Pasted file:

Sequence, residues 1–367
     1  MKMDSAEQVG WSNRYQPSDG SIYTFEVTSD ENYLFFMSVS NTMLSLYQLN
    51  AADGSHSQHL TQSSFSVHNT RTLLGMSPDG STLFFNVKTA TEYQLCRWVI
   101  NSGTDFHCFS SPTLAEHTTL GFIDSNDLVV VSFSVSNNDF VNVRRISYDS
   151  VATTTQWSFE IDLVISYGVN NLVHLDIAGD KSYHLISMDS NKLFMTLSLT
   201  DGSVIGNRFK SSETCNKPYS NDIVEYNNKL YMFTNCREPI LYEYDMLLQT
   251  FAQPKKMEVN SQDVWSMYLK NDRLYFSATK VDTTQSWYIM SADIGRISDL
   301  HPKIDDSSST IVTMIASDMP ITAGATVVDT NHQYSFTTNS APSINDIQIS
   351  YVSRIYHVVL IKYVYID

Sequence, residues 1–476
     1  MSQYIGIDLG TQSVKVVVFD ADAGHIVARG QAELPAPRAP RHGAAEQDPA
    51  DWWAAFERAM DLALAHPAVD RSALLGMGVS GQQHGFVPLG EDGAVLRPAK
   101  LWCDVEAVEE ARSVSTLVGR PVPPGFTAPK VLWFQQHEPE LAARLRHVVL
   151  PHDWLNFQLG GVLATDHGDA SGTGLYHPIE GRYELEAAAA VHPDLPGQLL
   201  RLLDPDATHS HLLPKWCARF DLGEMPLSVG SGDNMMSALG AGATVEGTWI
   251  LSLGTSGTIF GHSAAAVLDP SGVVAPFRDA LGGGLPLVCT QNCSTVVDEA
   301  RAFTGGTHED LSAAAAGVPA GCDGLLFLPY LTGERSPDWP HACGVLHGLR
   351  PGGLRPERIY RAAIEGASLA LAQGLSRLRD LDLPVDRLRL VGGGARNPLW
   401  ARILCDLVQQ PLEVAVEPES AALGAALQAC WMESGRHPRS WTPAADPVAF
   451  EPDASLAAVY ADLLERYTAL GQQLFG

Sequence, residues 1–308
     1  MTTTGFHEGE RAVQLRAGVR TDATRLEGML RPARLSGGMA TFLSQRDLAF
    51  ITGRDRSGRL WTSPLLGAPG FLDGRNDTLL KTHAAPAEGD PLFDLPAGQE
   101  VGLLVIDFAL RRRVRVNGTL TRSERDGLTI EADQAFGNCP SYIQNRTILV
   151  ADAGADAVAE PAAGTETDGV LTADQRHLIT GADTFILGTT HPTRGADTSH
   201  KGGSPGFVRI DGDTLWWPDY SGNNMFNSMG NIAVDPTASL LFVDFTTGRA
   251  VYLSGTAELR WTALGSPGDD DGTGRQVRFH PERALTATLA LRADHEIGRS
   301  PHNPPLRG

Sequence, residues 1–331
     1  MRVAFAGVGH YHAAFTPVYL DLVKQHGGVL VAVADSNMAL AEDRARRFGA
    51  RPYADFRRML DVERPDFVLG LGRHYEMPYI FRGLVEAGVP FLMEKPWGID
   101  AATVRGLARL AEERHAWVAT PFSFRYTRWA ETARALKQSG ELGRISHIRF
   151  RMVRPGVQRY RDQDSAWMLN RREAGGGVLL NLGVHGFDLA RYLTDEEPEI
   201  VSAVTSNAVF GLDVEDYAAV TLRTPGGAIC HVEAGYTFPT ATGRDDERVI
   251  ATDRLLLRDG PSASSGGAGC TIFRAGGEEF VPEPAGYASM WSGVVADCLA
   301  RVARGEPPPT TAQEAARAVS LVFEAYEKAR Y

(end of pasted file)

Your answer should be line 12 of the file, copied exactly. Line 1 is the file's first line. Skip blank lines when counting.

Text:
    51  DWWAAFERAM DLALAHPAVD RSALLGMGVS GQQHGFVPLG EDGAVLRPAK